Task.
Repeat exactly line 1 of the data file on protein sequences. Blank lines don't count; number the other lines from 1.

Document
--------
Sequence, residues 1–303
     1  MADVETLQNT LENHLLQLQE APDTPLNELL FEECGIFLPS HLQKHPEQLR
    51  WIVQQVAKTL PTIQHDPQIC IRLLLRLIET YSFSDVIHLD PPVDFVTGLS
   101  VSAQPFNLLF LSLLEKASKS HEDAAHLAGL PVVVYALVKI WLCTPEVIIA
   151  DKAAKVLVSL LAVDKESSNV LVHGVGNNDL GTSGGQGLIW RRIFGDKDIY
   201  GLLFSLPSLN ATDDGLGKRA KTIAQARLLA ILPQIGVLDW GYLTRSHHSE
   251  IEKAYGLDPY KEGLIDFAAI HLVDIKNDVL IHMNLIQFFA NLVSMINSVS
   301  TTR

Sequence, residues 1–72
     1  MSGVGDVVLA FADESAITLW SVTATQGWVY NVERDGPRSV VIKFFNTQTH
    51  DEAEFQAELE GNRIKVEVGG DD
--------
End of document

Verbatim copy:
Sequence, residues 1–303